Grants aim to boost kids’ health services
The Healthcare Foundation of New Jersey is offering $200,000 grants to providers of pediatric services in under-served areas of Newark, East Orange, Orange, Irvington, and parts of West Orange.
The Integrated Pediatric Primary Care Initiative is seeking proposals for projects that upgrade a broad variety of medical, dental, and emotional health services for children in impoverished areas of Essex County, and ensure appropriate pre- and perinatal care for pregnant women and new mothers.
“We don’t have a specific number of grants in mind,” said foundation executive director/CEO Marsha Atkind, “but this speaks to exactly who we are.”
The foundation was established in 1996 with assets from the sale of Newark Beth Israel Medical Center.
“There are enormous gaps in services for children in the greater Essex County area,” Atkind told NJ Jewish News. “If we are going to be a healthy society, we need to raise healthy children and give them the kind of preventive care and wellness care that they will need to thrive.”
Atkind said low-income families have a broad range of health needs that are not being met.
“If a kid needs to go to a psychiatrist and you are rich you can probably find a psychiatrist to see your child. But if you are not, and you have to take them to a clinic, the waiting lists are months long,” she said.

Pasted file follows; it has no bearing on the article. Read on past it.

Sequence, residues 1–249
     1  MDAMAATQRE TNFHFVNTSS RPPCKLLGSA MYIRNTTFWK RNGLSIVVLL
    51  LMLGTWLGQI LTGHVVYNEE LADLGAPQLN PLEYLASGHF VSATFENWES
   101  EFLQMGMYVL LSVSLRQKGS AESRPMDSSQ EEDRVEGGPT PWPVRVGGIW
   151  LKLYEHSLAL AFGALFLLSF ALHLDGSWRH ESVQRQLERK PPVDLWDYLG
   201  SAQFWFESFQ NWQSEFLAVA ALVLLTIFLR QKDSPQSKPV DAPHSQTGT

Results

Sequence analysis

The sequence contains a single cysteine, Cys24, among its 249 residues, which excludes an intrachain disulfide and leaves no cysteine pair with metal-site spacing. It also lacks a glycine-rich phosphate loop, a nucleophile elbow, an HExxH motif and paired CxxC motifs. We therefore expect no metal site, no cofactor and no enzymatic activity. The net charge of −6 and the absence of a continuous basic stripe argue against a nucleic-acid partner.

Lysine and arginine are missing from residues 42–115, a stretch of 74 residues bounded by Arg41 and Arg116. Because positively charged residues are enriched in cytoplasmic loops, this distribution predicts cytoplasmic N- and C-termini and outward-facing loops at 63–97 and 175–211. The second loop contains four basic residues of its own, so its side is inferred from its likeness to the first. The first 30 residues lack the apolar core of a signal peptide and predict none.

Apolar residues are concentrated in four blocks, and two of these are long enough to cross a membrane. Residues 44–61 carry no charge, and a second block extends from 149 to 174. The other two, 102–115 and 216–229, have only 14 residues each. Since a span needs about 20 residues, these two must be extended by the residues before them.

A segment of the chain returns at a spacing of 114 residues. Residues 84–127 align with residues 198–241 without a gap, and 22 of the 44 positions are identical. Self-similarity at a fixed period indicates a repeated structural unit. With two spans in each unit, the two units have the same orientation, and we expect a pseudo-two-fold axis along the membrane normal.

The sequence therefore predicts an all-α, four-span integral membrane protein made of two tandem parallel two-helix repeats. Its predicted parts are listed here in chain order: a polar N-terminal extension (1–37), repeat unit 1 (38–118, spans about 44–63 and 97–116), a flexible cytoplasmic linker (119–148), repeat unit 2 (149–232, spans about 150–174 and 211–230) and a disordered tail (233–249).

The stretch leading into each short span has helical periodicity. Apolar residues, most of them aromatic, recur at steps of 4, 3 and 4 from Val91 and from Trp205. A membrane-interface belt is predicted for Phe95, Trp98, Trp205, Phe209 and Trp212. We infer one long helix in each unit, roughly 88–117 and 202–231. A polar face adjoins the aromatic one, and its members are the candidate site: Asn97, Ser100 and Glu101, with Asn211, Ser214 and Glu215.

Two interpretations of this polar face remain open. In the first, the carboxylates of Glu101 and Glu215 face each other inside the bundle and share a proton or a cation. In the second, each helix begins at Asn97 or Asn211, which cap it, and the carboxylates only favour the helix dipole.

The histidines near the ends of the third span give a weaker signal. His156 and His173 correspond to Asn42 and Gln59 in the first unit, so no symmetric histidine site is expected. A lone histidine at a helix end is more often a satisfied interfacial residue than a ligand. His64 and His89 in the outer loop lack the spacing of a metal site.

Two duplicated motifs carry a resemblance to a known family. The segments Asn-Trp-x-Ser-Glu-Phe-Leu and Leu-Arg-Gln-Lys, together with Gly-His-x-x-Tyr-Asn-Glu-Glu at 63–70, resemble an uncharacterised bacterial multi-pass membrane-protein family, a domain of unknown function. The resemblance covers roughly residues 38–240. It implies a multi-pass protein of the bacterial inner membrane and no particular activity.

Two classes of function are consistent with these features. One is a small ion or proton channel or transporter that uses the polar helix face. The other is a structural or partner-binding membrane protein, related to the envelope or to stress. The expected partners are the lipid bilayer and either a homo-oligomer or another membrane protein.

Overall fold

On top of that, many pediatricians are not trained in treating young people with behavioral issues. In addition to giving grants to fund their training, Atkind said, the foundation would like to encourage health-care providers to ensure that children’s behavioral issues are examined as part of their regular medical check-ups.
Atkins said there are also gaps in dental care and vision screening and prenatal care.
Nancy Parello, communications director of Advocates for Children of New Jersey, agreed. Her organization presses for a broad range of health, educational, and social services for needy children in the state.
“In New Jersey there is huge disparity between affluent suburban white kids and black and Latino inner-city kids, who are more likely to live in poverty and struggle with health issues, are more likely to struggle in school, and are more likely to be involved with the child protection and juvenile justice systems,” she told NJJN.
Her group’s statistics show there are some 50,000 white, 49,000 Latino, and 80,000 African-American children in Essex County.
Even in the county’s more affluent suburbs, however, children face challenges in the areas of behavioral health.
“Jewish kids have problems just like other kids, and parents can be as blind to those problems or helpless in the face of those problems as parents anywhere else,” Atkind said. “The pediatricians we take our kids to are not necessarily schooled in behavioral health.”